Through all of this I found myself, the real me.  Funny how when I couldn’t escape and my baby forced me to spend more time being “present” with them, it forced me to do the same with myself. This was something I had subconsciously avoided for many years by staying so busy with life and achieving I never slowed down to figure out if I actually even enjoyed what I was doing.


  1. I understood my childhood so much better

Once I understood myself, why I wanted to escape, who I was and what I liked to do on a soul level I was able to understand why having a child was so triggering for me and allowed me to understand my own childhood. I finally sat with how my parents’ parenting and asked myself if I want to make the same decisions for my child. I was able to really see how certain events in my childhood and the ways I was raised created Grand Canyon-like personality traits, gifts, fearlessness, fears, resilience, coping mechanisms and triggers. It wasn’t easy to sit down with the old stories from the past, but it was freeing to do so.

Being present with my own child forced me to come face to face with my old stories and I was able to see my triggers as the biggest opening for healing and understanding. I finally felt like I understood why I reacted the way I did in certain situations and why I would feel triggered by certain phrases, people or actions in my day-to-day life. Once I unlocked parts of my childhood through being a mom, I was able to make different decisions for my own child that would be more in alignment with my true self, the one I now know! I began to feel free from old stories I had on repeat in my mind and move forward as a confident mom.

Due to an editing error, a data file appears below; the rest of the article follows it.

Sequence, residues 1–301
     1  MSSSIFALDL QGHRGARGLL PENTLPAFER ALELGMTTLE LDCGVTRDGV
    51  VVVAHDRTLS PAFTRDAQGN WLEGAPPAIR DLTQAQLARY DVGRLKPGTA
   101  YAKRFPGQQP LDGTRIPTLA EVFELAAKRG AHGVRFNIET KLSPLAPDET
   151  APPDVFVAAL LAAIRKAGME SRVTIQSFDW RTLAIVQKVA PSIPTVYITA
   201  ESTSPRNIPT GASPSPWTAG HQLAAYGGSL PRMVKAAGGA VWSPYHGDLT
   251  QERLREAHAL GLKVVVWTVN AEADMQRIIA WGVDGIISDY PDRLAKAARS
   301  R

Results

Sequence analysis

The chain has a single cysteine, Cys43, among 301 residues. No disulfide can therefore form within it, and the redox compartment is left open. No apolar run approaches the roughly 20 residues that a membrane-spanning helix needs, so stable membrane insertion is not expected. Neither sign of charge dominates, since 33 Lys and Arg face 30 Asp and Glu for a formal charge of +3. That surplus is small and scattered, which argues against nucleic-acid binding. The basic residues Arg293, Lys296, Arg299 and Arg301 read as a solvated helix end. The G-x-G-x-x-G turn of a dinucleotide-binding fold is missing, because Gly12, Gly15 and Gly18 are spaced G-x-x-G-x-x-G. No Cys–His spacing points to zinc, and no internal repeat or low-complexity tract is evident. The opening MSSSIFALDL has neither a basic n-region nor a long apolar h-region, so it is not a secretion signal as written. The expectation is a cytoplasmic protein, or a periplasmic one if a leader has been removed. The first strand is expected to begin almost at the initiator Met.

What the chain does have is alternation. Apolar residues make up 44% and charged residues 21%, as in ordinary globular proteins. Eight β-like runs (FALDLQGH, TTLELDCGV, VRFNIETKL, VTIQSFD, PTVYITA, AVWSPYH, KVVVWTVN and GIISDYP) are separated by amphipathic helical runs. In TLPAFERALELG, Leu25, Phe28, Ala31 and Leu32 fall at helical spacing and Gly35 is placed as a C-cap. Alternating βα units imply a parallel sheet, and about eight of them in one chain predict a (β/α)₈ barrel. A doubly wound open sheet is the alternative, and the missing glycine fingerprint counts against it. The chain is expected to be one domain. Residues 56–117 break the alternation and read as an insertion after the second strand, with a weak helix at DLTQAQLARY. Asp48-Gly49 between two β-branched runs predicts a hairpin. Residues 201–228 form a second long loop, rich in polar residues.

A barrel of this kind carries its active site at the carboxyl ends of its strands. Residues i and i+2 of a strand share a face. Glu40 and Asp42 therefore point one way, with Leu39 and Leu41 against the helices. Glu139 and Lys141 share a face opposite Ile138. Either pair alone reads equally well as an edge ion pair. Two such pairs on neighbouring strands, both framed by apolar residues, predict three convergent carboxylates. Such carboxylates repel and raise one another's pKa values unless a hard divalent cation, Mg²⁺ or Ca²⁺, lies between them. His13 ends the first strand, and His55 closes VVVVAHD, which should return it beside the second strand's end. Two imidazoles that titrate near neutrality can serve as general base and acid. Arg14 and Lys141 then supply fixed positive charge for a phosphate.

All in all, overcoming PPD/A wasn’t what I had expected, but it truly has been one of the biggest gifts of my life. I thought the process would involve therapy and learning tools to manage how I was feeling during this time and just getting back to life as I previously knew it. What I ended up learning was so much better: I ended up finding myself, learning about my old coping behaviors like perfectionism, understanding where I developed those behaviors and evolving into a new version of myself with a much healthier way of living. Raising little ones is the current season of my life, it will change again; and when it does, I will know how to keep evolving and lovingly meet the newest version of myself for that season.